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I'm working on a game and I need to synchronize two player object controlling mechanisms: one is an on-screen touch controller and second is the G-Sensor. On-screen controller must be initialized with a value in seconds, so I need to know how much seconds does SENSOR_DELAY_GAME mean. Thanks in advance.

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Do you mean the Constant value or how long between each poll when its set to SENSOR_DELAY_GAME ? – Dazzy_G Jul 27 '12 at 9:56
@Dazzy_G, Yes, exactly. – Egor Jul 27 '12 at 10:09
up vote 2 down vote accepted

I don't think there is a definite answer into your question, in a meaning that this is device depended. Except from that, keep in mind that even if you define a certain delay for your sensor, the Sensor Manager may return results faster or slower than what you specified. For your case, i think the best approach is to take the average time (in seconds) between two consecutive polls after a certain amount of time that your sensor is running, initialized with the SENSOR_DELAY_GAME flag, and pass that time to your on-screen controller initialization.

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Taken from

The default data delay is suitable for monitoring typical screen orientation changes and uses a delay of 200,000 microseconds. You can specify other data delays, such as SENSOR_DELAY_GAME (20,000 microsecond delay), SENSOR_DELAY_UI (60,000 microsecond delay), or SENSOR_DELAY_FASTEST (0 microsecond delay). As of Android 3.0 (API Level 11) you can also specify the delay as an absolute value (in microseconds).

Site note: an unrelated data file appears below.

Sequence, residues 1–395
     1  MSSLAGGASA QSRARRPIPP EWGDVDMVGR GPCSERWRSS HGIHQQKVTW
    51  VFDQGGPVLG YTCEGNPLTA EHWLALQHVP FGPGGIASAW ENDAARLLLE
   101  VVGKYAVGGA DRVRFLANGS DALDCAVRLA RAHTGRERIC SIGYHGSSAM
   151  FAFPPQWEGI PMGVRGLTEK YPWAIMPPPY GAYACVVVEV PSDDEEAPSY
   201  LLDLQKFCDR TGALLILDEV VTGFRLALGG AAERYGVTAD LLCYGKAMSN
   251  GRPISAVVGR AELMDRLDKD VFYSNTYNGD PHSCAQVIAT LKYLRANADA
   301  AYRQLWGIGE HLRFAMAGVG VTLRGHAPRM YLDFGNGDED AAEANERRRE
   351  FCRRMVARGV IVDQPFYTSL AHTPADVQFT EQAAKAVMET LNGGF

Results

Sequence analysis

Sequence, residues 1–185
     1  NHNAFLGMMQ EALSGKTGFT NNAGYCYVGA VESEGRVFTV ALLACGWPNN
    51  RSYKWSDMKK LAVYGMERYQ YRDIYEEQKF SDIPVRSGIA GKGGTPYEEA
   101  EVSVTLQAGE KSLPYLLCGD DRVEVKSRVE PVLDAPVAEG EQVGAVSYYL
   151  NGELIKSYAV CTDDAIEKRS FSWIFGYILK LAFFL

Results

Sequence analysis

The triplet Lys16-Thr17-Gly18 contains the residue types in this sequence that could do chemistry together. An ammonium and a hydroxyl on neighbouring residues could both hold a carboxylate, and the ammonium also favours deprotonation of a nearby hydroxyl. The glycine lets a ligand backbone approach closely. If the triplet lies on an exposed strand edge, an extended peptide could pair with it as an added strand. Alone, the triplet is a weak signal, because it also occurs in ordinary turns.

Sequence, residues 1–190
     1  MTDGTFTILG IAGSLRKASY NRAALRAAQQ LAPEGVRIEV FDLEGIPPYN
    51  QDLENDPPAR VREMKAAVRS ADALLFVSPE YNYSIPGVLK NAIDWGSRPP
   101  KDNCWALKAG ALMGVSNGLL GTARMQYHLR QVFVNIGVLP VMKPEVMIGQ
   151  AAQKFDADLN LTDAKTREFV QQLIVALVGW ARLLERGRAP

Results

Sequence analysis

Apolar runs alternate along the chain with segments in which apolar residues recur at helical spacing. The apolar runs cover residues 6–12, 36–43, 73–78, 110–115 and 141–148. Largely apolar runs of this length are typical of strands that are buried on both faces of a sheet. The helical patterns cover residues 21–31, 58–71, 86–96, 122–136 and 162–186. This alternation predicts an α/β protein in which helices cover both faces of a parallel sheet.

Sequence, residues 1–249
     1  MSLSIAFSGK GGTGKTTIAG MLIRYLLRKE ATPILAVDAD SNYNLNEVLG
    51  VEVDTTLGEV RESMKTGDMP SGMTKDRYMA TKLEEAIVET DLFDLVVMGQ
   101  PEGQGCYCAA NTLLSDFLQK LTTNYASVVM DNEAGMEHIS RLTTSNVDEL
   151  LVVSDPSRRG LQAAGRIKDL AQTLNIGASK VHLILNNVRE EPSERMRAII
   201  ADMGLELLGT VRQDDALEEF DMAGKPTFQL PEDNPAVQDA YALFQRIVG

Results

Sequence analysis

The delay that you specify is only a suggested delay. The Android system and other applications can alter this delay. As a best practice, you should specify the largest delay that you can because the system typically uses a smaller delay than the one you specify (that is, you should choose the slowest sampling rate that still meets the needs of your application). Using a larger delay imposes a lower load on the processor and therefore uses less power.

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Looks like this constants is defined as 37-39 msec.

Anyway if you are developing a Game, that is probably the constant you should use.

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misleading; this is not something which is defined, but rather device dependent. Also referring to a source where one device was checked/tested, doesn't justify a conclusion like this – Makibo Nov 19 '12 at 8:21

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